A few days ago my wife needed to go to the mall and to her surprise I asked to go with her. My destination was, for the very first time in my life, the Microsoft Store. Specifically, I wanted to check out the Surface Studio, Microsoft's innovative new PC that looks like an iMac but also tilts down to resemble a drafting table to take advantage of Microsoft Windows' touch computing features.
It was a Saturday and the Microsoft Store was more crowded than I've seen it before. The only time I'd been in this store in the past was to take phone calls because, historically, it is the quietest place in the mall. However, between the virtual reality demonstration and the growing Microsoft PC lines, the store was busy.
A Computer that Tilts
When I stood in front of the Surface Studio it was configured as a traditional computer so the first thing I did was pull it down to drafting table mode. The springs are nicely tuned and you can easily adjust the screen with one hand. There is a stylus that attaches magnetically to the side of the computer along with a minimalist keyboard and mouse.
That adjustment is the big selling point of this computer and if you want a computer that suddenly feels more like a super-big iPad, the Surface Studio delivers, mechanically at least.
I've been doing some screencast projects lately that involve time in Windows 10 and while it's a lot better than Windows 8, it's still Windows. I'm not trying to bait Windows fans but I have spent time in both operating systems and genuinely prefer macOS (and macOS software developers) over Windows. I'm not the least bit tempted to switch, even for a fancy tilting computer. My real curiosity, however was how well the Surface Studio would work in drafting mode using Microsoft's one-operating-system-to-do-everything approach, which I recently wrote about.
Overall, the Windows 10 and the drafting table computer work as Microsoft intended. You can select menu items and make selections with your finger but you have to be deliberate and careful. Most of Windows was designed with the idea that you'd have a one pixel sized mouse pointer. In this context, my finger was a blunt instrument and several times Windows mis-read my true touch target. This wasn't an issue in dialog boxes with white space around the selections but a definite problem anytime I worked in an information-dense area, like menus. In the pre-installed drawing and 3D apps, everything worked well and the apps were definitely tuned for touch. If I paid for my shoes making art on a computer, I'd be very interested in the Surface Studio, Windows 10 warts and all.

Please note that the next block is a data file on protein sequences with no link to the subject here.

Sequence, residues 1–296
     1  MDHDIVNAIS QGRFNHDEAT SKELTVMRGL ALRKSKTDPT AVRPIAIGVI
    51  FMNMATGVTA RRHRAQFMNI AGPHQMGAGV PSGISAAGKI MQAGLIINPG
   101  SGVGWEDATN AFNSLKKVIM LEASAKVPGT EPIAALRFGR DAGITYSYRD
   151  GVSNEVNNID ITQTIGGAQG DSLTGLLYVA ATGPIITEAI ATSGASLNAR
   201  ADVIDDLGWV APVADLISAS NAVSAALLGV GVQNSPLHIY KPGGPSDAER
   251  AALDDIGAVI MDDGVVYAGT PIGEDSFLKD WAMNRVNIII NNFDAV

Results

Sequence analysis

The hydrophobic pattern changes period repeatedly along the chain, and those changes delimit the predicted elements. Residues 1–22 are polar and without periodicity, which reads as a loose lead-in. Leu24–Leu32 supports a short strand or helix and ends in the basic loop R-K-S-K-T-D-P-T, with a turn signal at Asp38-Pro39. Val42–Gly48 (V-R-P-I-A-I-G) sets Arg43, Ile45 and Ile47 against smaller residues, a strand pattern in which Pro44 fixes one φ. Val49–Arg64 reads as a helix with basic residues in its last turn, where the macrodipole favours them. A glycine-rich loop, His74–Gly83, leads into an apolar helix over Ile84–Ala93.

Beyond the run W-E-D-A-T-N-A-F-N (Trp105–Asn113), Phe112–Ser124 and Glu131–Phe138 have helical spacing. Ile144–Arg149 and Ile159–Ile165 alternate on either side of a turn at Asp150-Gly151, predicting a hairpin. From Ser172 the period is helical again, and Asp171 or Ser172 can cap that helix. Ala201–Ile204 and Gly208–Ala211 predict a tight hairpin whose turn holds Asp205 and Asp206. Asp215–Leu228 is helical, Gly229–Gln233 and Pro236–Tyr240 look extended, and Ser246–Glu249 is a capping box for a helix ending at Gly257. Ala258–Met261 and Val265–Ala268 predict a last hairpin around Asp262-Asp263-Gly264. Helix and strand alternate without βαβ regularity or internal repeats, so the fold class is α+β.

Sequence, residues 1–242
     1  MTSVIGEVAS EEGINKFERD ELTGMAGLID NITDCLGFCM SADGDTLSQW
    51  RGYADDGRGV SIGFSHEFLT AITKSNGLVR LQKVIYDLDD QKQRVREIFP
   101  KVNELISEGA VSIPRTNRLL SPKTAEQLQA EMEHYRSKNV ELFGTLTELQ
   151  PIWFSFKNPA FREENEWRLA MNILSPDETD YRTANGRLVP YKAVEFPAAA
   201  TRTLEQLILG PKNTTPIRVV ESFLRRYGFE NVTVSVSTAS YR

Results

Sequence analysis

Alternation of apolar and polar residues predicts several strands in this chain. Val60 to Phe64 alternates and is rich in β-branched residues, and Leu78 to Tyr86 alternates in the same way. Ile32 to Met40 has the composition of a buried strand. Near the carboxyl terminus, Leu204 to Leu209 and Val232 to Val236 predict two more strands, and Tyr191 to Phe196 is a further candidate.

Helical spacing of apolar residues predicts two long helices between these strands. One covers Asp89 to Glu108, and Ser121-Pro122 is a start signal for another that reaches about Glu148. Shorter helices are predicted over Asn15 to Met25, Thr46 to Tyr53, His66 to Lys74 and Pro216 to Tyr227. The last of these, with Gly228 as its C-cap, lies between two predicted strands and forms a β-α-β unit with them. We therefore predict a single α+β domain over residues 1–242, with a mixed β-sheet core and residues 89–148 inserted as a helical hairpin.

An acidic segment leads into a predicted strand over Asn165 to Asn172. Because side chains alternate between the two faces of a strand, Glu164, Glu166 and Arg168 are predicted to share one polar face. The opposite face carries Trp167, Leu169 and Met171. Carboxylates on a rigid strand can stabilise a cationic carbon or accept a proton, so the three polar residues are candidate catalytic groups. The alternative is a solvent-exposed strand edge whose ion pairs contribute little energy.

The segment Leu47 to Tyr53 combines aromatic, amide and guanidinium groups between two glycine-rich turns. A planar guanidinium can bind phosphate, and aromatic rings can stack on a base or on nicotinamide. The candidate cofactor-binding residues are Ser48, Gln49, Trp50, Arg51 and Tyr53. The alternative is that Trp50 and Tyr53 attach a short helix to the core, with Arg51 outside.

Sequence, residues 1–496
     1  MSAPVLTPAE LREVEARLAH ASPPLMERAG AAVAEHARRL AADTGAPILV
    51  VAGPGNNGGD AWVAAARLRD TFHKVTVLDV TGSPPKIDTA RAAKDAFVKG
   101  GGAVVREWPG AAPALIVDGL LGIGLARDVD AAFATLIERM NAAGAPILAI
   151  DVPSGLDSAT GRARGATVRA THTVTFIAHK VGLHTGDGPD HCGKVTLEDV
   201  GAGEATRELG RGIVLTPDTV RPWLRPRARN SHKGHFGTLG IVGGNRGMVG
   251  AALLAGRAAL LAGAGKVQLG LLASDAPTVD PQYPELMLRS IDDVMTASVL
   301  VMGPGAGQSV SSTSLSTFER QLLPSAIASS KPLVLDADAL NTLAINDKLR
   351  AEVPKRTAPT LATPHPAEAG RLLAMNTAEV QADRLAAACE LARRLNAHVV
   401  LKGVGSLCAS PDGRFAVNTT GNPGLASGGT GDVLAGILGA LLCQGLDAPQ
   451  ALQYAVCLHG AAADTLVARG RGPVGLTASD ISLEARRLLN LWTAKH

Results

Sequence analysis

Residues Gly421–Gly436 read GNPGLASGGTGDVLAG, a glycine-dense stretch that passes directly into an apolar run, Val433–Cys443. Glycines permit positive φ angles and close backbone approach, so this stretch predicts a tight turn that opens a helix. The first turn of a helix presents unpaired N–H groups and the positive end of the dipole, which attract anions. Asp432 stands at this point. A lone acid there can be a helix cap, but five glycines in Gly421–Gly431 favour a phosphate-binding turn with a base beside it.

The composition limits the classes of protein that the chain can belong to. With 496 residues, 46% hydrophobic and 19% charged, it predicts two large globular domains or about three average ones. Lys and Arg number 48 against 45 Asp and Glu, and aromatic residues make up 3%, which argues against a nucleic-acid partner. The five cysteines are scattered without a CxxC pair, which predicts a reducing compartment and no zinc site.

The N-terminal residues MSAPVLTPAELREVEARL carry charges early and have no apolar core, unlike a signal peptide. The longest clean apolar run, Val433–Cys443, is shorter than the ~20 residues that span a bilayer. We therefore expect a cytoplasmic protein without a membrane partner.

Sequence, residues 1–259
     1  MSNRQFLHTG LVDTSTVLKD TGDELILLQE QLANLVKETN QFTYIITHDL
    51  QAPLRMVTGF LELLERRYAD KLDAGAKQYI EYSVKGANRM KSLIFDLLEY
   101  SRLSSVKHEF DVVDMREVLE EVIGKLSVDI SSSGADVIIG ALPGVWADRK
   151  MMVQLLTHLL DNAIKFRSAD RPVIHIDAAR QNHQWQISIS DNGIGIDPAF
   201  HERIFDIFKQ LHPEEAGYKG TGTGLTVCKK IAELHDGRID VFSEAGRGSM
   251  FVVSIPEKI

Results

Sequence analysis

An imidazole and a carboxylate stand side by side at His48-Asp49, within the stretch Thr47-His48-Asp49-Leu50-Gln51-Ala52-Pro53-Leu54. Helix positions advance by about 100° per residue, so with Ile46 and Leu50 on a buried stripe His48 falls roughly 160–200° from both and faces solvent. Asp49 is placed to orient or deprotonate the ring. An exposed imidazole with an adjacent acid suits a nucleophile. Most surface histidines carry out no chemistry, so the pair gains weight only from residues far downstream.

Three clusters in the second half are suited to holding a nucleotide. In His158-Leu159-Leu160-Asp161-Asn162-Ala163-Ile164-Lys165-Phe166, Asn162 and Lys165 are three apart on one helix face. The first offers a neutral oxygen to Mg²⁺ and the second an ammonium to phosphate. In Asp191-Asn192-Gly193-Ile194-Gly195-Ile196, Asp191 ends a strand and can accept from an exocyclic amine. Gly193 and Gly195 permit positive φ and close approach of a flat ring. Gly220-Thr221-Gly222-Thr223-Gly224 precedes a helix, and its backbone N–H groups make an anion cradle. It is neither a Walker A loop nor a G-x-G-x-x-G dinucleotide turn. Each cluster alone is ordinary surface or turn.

In more traditional apps, like Microsoft Word, the touch interface was less useful and more wonky. Word is way more touch-friendly on iPad than the Surface Studio. Those two teams at Microsoft should have lunch together once in awhile, Microsoft is clearly invested in making touch work in Windows and this is a big step but they still have a ways to go.
About that Dial
Another innovation with the Surface Studio is the Surface Dial, a large twisty knob similar to my old Griffin PowerMate. The Surface Dial is both a twist knob and a button. You can set the Surface Dial on the desk or, interestingly, put it on the screen for different features.
In terms of build quality, the Griffen PowerMate is heavier and more solid. (While the Surface Studio itself appears well-built, all of the peripherals felt like they were missing a little heft.) Because the Surface Dial is wired into the Windows operating system the Surface Dial could become something really interesting. I had the Microsoft employee show me some of its features and at this point it’s pretty limited. We got it to work as a volume dial and a zoom dial in a 3D application. In Microsoft word, spinning the dial acts as an Undo. I felt like it should do more. Hopefully they’ll be working on this between now and when the computer ships next month.
The biggest problem with the Surface Studio was getting it to keep up with graphics intensive interface operations. Apple's put a lot of effort in both iOS and macOS making the interface pop when you move things around. Pinching and zooming with my fingers on the Surface Studio (when available) was bad. When I tried this, the screen was non- responsive for a moment and then jumped to the screen being bigger or smaller. The frame rate was effectively reduced to one frame per second or two. The Surface Studio hasn't shipped yet and I'm guessing Microsoft is working on fixing this, but this lag reminded me that Windows as a touch operating system, still is pretty wobbly.
I'm clearly not the ideal customer for the Surface Studio. Even if it were running macOS, I'm still not sure how much I'd use a drafting table Mac. macOS and, realistically, Windows are not very touch friendly at this point. Nevertheless, the Surface Studio is different in a good way and I'm glad to see Microsoft innovating again. I think the Surface Studio still needs work but I can see this form factor becoming a favorite for creative folks and I'm really curious to see if Microsoft gives the Surface Studio everything it needs to succeed. If anything, this makes me think of a really big iPad in a few years and how fun that may be.
The best part of my road trip to the Microsoft Store was observing fellow nerds. After spending about 30 minutes putting the Surface Studio through its paces I realized there were three people waiting behind me to try it out. There were a lot of Windows enthusiasts there ready to check out the Surface Studio and they were excited. The vibe was similar the one I felt while standing in line for the first iPhone. That can only be good for Microsoft and Windows fans.